After achieving its worst monthly sales increase for four years in August, the world's largest retailer, Wal-Mart, is optimistic that September sales will show signs of recovery.
It expects September growth to be in line with its 2%-4% forecast for the third quarter, although this was recently scaled down from the previously predicted 3%-5%.
August's performance, at 0.5%, narrowly beat the downgraded forecast of 0.2% [WAMN: 25-Aug-04] and was attributed to the effects of Hurricane Charley and torpid back-to-school sales.
Often regarded as an indicator of middle-American spending habits, Wal-Mart's performance set the trend for the month among most other mid-price department stores and discounters as moderate-income shoppers reined in spending on backpacks and pencils, forced to pay out more for basics like gas and groceries.
The retail giant now claims that pre-school purchases 'looked good' and that sales were lifted by emergency preparations before the latest storm to hit the US, Hurricane Frances. It also predicts spending on the post-storm clean-up operation will boost growth.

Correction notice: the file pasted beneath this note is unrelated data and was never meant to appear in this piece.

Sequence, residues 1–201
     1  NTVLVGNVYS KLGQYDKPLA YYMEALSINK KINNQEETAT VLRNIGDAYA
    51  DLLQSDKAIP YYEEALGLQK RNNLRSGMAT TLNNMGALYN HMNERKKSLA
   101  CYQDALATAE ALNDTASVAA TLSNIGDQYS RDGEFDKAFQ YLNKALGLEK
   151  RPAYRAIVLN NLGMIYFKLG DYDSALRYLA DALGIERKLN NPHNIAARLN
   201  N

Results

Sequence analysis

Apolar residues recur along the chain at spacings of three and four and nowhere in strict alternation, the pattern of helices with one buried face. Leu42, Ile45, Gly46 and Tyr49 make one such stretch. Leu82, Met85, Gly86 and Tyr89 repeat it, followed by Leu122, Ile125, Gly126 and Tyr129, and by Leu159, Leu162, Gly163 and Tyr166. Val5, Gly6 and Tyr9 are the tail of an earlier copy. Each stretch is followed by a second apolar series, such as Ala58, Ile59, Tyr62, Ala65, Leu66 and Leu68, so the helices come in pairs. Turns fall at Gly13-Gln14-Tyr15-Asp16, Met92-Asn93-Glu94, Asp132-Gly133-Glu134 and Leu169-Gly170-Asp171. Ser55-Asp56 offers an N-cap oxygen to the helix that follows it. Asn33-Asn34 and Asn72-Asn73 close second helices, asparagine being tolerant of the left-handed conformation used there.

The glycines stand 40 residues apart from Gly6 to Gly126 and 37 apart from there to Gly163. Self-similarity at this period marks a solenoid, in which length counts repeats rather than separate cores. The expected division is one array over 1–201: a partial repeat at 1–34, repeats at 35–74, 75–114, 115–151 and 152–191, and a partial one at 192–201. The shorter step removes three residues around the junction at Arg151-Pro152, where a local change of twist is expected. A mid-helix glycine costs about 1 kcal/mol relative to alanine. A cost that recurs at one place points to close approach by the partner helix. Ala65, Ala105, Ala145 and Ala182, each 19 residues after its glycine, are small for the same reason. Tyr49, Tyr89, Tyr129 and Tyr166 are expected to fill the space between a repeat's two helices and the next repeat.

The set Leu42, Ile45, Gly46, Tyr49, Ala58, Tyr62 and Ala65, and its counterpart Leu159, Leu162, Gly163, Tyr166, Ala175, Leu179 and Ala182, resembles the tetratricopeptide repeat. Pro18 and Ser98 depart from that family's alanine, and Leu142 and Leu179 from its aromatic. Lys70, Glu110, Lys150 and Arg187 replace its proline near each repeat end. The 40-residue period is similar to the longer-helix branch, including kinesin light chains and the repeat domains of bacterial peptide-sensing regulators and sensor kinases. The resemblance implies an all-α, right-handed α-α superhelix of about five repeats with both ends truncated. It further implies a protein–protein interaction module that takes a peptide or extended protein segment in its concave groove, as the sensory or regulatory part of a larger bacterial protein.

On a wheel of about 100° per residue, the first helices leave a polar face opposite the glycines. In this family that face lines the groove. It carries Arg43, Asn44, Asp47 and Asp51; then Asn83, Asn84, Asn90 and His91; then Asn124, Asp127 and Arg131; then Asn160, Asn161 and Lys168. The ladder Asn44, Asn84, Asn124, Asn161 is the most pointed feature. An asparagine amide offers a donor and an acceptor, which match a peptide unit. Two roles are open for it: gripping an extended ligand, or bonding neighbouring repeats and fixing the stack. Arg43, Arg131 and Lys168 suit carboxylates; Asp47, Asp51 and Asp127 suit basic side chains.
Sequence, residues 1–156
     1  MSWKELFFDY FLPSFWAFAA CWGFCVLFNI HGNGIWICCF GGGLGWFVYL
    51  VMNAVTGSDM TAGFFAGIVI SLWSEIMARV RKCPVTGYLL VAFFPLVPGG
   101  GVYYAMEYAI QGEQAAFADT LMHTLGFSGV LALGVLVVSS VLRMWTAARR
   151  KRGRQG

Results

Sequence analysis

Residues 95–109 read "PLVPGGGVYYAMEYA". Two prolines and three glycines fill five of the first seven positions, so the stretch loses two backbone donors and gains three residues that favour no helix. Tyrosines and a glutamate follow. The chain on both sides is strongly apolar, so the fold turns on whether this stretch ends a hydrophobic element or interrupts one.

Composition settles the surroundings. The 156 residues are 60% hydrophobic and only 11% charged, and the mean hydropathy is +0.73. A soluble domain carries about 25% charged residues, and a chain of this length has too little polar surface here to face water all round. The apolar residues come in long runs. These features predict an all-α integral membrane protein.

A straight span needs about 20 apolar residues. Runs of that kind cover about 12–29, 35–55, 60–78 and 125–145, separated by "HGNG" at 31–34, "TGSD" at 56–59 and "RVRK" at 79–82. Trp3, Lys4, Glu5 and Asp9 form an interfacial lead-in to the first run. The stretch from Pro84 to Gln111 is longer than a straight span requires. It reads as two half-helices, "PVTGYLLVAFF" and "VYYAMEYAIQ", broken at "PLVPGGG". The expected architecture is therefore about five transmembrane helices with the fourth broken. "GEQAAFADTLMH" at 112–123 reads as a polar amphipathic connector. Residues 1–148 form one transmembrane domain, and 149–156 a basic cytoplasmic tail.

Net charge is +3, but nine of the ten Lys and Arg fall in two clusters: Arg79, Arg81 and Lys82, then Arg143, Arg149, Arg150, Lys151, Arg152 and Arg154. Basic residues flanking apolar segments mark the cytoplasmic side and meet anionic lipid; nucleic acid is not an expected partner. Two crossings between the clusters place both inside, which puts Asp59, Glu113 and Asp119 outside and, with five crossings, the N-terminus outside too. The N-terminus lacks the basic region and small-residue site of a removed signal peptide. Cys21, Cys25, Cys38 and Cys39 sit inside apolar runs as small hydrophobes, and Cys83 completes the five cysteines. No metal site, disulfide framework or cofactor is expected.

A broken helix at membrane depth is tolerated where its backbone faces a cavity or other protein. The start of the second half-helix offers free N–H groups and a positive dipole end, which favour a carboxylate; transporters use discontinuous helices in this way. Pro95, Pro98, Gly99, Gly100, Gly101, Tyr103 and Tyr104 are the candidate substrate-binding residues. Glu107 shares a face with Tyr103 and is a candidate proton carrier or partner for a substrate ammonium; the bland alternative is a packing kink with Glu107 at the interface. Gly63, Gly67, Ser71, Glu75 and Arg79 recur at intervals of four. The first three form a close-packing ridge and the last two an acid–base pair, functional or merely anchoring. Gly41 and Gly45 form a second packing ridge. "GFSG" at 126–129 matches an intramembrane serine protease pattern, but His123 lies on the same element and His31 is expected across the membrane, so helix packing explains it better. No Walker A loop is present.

Analysts such as Richard Hastings from credit ratings firm Bernard Sands are more reticent: "Their same-store sales continue to trend below historic levels."
He added that tough competition from other retailers was taking its toll on Wal-Mart's sales and that much of its growth was attributable to the turnaround at its Sam's Club unit.
Data sourced from: Financial Times; additional content by WARC staff